Mexico upstream fiscal and regulatory guide

GlobalData Energy 17 January 2020 (Last Updated January 17th, 2020 12:35)
Mexico upstream fiscal and regulatory guide

GlobalData’s latest fiscal and regulatory report, ‘Mexico Upstream Fiscal and Regulatory Guide’ indicates that the administration of President Lopez Obrador is expected to clarify to foreign investors whether it intends to close the door on international investments in the oil and gas sector after in December 2018 it cancelled new licensing rounds until at least 2022.

Mexico Congress modified some articles of the Hydrocarbons Revenue Law reducing Pemex’s profit sharing duty from the current 65% to 58% in 2020 and then to 54% in 2021. Reducing the profit sharing duty may help Pemex to obtain liquidity and fund its obligations currently jeopardised by negative free cash flow and high debt.

With no planned licensing rounds, service contracts migrations, and farm-outs, the government is looking to rely on Pemex for upstream development. The Ministry of Finance and Public Credit has set a target oil-production increase of 12.9% in 2020. Pemex is offering new integrated service contracts to support development, but it will retain operatorship and contractors will receive a cash fee based on production.

Mexico issues PSAs for new shallow-water licences. Licensees pay price-based royalties, the hydrocarbon activity tax, exploration rental fees, and the ISR (income tax) at 30%. In addition, the PSAs require a minimum state share of profit oil, which is a biddable element in the PSA licensing rounds while the final production sharing splits are based on a pre-tax IRR mechanism. Similar to royalty and tax licences, PSAs were offered in the period 2015-2018 through regular licensing rounds.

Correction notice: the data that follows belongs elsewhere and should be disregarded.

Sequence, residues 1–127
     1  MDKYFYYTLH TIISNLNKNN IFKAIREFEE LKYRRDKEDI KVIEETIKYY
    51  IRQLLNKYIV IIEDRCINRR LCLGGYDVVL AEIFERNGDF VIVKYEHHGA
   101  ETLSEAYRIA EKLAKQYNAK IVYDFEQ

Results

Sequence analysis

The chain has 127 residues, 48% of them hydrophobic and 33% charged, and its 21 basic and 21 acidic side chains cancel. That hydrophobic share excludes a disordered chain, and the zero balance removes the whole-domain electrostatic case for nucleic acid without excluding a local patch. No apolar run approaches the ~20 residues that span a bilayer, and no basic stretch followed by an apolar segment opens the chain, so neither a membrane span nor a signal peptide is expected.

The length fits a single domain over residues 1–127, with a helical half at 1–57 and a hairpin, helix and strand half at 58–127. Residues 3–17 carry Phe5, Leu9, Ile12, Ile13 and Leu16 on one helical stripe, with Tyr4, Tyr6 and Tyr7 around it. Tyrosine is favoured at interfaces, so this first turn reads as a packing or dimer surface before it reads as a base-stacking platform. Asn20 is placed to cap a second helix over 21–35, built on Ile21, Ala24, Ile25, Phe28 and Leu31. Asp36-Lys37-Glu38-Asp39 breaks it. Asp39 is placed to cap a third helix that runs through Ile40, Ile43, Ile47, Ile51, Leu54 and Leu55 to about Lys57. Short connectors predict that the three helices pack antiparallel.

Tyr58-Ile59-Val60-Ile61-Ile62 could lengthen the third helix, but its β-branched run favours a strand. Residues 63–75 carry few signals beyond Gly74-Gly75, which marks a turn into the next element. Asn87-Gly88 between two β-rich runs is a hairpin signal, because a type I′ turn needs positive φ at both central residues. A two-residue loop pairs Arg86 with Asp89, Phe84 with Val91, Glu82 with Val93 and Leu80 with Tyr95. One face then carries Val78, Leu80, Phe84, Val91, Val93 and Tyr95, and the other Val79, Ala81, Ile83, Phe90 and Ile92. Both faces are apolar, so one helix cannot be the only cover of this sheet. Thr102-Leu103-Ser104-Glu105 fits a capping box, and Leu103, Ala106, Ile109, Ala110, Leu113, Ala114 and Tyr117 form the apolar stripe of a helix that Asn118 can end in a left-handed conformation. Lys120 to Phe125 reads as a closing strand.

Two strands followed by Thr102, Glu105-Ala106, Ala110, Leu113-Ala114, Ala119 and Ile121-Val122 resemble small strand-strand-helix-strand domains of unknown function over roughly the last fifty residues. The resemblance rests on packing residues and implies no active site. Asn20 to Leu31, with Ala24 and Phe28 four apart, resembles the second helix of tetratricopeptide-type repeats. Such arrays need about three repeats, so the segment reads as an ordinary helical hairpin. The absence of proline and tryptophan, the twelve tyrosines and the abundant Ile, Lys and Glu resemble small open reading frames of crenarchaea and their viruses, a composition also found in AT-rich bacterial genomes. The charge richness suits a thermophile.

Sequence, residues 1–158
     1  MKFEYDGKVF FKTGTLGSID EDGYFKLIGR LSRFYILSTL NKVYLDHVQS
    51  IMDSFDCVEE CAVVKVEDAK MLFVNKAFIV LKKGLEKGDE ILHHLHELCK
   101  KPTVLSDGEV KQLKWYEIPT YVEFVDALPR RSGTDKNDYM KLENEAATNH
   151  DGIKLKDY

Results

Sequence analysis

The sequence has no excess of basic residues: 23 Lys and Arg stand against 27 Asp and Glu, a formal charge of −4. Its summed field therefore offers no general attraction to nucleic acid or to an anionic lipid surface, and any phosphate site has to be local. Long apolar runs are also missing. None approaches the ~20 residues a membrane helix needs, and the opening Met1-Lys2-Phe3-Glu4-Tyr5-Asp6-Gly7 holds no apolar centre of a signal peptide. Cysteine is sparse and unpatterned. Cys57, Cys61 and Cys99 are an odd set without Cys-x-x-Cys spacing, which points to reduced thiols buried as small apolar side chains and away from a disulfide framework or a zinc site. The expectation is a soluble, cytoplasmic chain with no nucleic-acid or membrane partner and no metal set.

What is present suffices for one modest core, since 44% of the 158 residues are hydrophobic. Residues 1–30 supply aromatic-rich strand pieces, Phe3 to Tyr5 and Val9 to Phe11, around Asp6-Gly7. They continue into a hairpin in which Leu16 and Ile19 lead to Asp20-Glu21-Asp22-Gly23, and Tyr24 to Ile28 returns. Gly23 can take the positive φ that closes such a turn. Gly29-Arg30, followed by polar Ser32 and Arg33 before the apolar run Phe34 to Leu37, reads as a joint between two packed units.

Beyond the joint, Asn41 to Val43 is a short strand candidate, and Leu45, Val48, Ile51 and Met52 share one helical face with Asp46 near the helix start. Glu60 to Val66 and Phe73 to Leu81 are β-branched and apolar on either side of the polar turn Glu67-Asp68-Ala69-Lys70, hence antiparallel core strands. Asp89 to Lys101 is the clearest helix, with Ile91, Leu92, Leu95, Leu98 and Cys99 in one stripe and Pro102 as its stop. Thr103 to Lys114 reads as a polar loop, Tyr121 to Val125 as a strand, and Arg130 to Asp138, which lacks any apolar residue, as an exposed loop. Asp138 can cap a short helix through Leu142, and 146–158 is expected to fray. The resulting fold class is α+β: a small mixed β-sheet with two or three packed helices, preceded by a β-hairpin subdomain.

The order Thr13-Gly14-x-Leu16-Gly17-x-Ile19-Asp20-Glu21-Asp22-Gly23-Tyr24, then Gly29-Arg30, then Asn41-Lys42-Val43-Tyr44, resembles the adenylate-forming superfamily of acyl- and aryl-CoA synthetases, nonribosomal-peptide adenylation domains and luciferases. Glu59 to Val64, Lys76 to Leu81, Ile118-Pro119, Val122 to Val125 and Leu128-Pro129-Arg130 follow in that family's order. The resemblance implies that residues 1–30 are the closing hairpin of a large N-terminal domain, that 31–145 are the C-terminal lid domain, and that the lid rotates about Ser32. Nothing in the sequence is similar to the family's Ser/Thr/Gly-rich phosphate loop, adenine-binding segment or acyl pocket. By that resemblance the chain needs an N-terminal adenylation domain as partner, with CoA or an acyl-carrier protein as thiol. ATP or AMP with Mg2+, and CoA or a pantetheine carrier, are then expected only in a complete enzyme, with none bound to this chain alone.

Mexico also issues royalty and tax licences for new onshore blocks and deepwater blocks. Under this regime, licensees pay price-based royalties, the hydrocarbon-activity tax, exploration rental fees, the ISR at a 30% rate, and an additional royalty. The latter is a biddable element in the royalty and tax licensing rounds, and it may be adjusted according to a mechanism based either on the licensee’s profit or production. Royalty and tax licensees may require to pay a signature bonus. As with PSAs, royalty and tax licences were offered in the period 2015-2018 through regular licensing rounds.

Pemex assignment regime concerns all blocks assigned to Pemex via Round Zero. Pemex pays price-based royalties, the profit-sharing duty, the hydrocarbon-activity tax, exploration rental fees, and the ISR at a 30% rate.